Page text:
Subscribe Now

* You will receive the latest news and updates on your favorite celebrities!

Trending News

Blog Post

The One Rule to Achieving Work-Life Balance

The One Rule to Achieving Work-Life Balance 

Imagine you live your life in one room, and that one room has only one door. Now imagine this door is an “Enter Only” door, “No Exit!” Whoever comes through this door will be in your room and your life — forever! They can never get out. 

Luckily, this is a metaphor, but let’s assume for a moment it is true. If so, would you be more selective about the people that you let into your life? Everyone I’ve ever talked to has said, “oh yeah, definitely!”

So the question then is: Why aren’t we more selective? In fact I would argue that the “Room Principle” is more than a metaphor. Think for a moment about someone who was once in your life, but now they are no longer part of it. Think of their name. Remember how they created chaos in your life. Maybe they were angry or toxic or just difficult to be around. Take a moment: Do you have someone in mind? 

Well, if they’re still in your head, they’re still in your in your room, because every decision you make in the future will be based in part on past experiences you had with this person. Neuroscientist Dr. Daniel Amen says, “Significant input that is received in your brain triggers neural activity that cannot simply be erased.” In other words, their fingerprints are all over your brain.

This means that if you want to create your best life, you need to learn how to screen entry into your room. For this, I recommend the “Doorman Principle.” The “doorman” guards entry into your room and your life. This is your conscious and subconscious mind. It is a process of thought and feelings to help you determine whether your door should remain closed or be opened to allow someone entry into your life.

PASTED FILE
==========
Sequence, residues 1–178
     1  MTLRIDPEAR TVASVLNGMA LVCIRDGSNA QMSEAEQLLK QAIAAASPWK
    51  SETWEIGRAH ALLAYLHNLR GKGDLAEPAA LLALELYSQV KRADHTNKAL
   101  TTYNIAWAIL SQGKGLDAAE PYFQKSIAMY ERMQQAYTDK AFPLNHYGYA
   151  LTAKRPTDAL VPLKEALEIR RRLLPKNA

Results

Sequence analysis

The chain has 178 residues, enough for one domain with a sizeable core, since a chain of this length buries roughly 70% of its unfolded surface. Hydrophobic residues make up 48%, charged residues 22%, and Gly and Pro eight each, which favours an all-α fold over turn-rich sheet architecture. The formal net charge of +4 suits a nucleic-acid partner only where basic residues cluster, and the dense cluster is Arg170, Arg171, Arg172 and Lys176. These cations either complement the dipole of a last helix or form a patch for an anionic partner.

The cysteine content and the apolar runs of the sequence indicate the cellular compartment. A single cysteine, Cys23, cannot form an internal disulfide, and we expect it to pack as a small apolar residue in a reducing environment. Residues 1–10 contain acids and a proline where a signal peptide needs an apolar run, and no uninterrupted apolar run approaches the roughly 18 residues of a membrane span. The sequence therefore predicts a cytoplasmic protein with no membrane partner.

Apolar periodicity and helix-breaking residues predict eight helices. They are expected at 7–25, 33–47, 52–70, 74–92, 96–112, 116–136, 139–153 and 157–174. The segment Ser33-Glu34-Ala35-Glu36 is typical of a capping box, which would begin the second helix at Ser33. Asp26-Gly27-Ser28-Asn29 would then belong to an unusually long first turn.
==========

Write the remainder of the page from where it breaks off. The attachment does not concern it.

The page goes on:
The first thing you need to do is train your doorman on your values. This is important, because you want to allow people into your room who have values that are resonant with yours. They don’t have to be the same values, but they can’t be dissonant or incongruent with yours. When I ask people to name their top 5-7 values, you can generally hear crickets. So here’s a great technique to begin the training: I recommend you start with your “deal breakers.” These are people in your room with incongruent behaviors. These are things you refuse to allow into your room and into your life from now on. They may be things like being toxic, exhibiting excess drama or not being truthful or positive. They are things you just can’t stand to be around. When you start understanding these, it’s easier to move towards things you do want around you.

Understanding your values and training your Doorman will help you screen all the future people who try to gain entry into your room, but what do you do with some of the negative or toxic people that are already there?

First is “Benign Neglect.” This is where you gradually reduce contact and interaction with someone. Assuming you don’t want to bridges, but you do want to remove yourself from the relationship, a gradual entanglement over a period of time is very effective. This works even when you don’t want it to. Think about someone you really did like but with whom you lost touch over the years. This generally happens through unplanned benign neglect. Now, imagine achieving this with a plan. 

The second way to help you address people in your room you wish you hadn’t allowed entry to is through “Homeopathic.” A homeopathic is the minimum necessary to treat a problem. In this case, it’s about dealing with people in your room by structuring your interaction in very small. 

Here are two great techniques to use:

The takeaway to consider: People can effect your happiness if you let them.The secret to not letting them, is to curate the room you desire because the quality of your life depends on the people in your life. 

Related posts